Each week, Padilla’s Insights + Strategy team stands at the intersection of people, culture and brands to bring you five stories that you can read in five minutes.

1. Wine and Cheez-Its

House Wine and Cheez-Its have launched a new product with House Wine’s Original Red Blend in one half and Original Cheez-Its in the other half of the box. Why should you care? It’s a fun, out-of-the-box (get it?) idea. We like it because the idea originated from feedback Cheez-It received that their customers were already pairing wine with Cheez-Its. This is a great example of a company listening to their fans and creating new products (or campaigns) based on deep knowledge of what they want. [Forbes]

2. Learning through gaming

The LA Times has created a game to illustrate the challenges sea level rise (due to climate change) will pose to California coastlines. Why should you care? In reporting on coastal risks and mitigation, reporters at the LA Times found though experts all agreed it was a problem and something needed to be done, they weren’t sure which of their options was the best course forward. Alongside other stories, reporters were looking for a way to convey the complexity of the issue. “We learned that explaining an issue as complex as this one was effective when we gave readers the chance to make these emotional and strategic decisions themselves.” The beauty in this initiative was that they fought against the instinct to explain or lecture, but instead found a way to invite readers into the thick of the debate giving them a greater understanding of and empathy for the problem along the way. [Poynter]

3. Will escape for beer

Bud Light is offering free beer to any aliens who escape from Area 51. Why should you care? While others expressed more serious (albeit legitimate) concerns about the insanity of storming Area 51 to free the aliens, Bud Light found a way to connect to the light, sarcastic side of this viral story. The smartest part of this initiative is how they were able to act quickly. Rather than create the product, they made a mock-up for it. This allowed them to get the advertising attention they sought in the right moment without being held to production schedules. If there is enough interest (which they defined as 51,000 retweets), then they can make the product. Either way, this allowed them to timely capitalize on an element of pop culture without a significant investment. [Marketing Dive]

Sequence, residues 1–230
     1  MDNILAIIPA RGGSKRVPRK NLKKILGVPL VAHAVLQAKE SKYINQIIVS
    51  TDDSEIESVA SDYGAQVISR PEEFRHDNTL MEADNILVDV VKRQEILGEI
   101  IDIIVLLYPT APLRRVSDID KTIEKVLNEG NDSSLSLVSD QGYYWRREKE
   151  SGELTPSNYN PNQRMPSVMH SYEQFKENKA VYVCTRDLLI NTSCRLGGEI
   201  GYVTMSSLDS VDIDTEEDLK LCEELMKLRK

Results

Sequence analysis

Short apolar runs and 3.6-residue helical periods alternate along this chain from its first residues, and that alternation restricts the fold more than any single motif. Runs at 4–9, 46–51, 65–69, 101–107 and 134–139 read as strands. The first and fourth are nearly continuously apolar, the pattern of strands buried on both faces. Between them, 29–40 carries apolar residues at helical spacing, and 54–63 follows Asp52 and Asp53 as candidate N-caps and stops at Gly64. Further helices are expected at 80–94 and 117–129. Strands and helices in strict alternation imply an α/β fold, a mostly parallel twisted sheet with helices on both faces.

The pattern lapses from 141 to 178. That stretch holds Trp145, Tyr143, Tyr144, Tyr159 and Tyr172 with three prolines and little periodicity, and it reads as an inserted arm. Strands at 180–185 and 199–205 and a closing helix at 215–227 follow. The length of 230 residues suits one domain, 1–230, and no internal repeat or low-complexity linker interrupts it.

4. Mobile goes vertical

Chinese media companies are experimenting with new vertical formats for mobile video. Why should you care? We know that younger consumers are mobile-first, including in their video consumption. With this in mind, Chinese media companies have been testing new opportunities in storytelling by changing the default view from horizontal to vertical. The major elements they’ve been experimenting with include episodes between 2-5 minutes, fast comedic timing, a focus on facial reactions through split screens and a “fragmented visual language” achieved through “split screens, swipes and quick cuts.” All of these elements are things you might find on “Snap Originals” or some YouTube channels, but the difference here is how they are being used to create a new vertical mobile genre for scripted television. [The Next Web]

5. CMO no more

McDonald’s is the latest major company to announce they will no longer have a CMO, but rather split the duties between several senior leaders within their company. Why should you care? CNBC emphasizes this does not diminish the need for marketing, but rather signals how much the industry has changed with new technologies and social media. While this trend may concern individuals in the marketing field, the creeping elimination of this role seems to come from a recognition that it is a tall and unfair order. According to Allen Adamson, co-founder of consulting firm, Metaforce, “Managing a global brand 24/7 on social media channels could easily burn out five CMOs in a month.” Instead, it is expected that the responsibilities formerly associated with a CMO will continue to be split between other senior leaders in companies, creating new internal roles, but likely new opportunities for enterprising firms as well. [CNBC]


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